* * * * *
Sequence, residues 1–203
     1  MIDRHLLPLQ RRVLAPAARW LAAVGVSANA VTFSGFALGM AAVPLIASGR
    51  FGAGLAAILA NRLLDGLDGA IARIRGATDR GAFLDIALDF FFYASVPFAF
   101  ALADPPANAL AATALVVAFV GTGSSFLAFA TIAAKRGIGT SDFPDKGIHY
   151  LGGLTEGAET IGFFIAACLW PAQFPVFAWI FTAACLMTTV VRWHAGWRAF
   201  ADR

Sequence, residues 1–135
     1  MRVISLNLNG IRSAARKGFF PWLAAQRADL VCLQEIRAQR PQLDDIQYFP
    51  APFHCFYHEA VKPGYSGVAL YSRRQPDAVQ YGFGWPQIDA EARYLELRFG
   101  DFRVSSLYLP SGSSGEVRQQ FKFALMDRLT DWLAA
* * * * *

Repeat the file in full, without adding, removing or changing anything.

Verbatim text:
Sequence, residues 1–203
     1  MIDRHLLPLQ RRVLAPAARW LAAVGVSANA VTFSGFALGM AAVPLIASGR
    51  FGAGLAAILA NRLLDGLDGA IARIRGATDR GAFLDIALDF FFYASVPFAF
   101  ALADPPANAL AATALVVAFV GTGSSFLAFA TIAAKRGIGT SDFPDKGIHY
   151  LGGLTEGAET IGFFIAACLW PAQFPVFAWI FTAACLMTTV VRWHAGWRAF
   201  ADR

Sequence, residues 1–135
     1  MRVISLNLNG IRSAARKGFF PWLAAQRADL VCLQEIRAQR PQLDDIQYFP
    51  APFHCFYHEA VKPGYSGVAL YSRRQPDAVQ YGFGWPQIDA EARYLELRFG
   101  DFRVSSLYLP SGSSGEVRQQ FKFALMDRLT DWLAA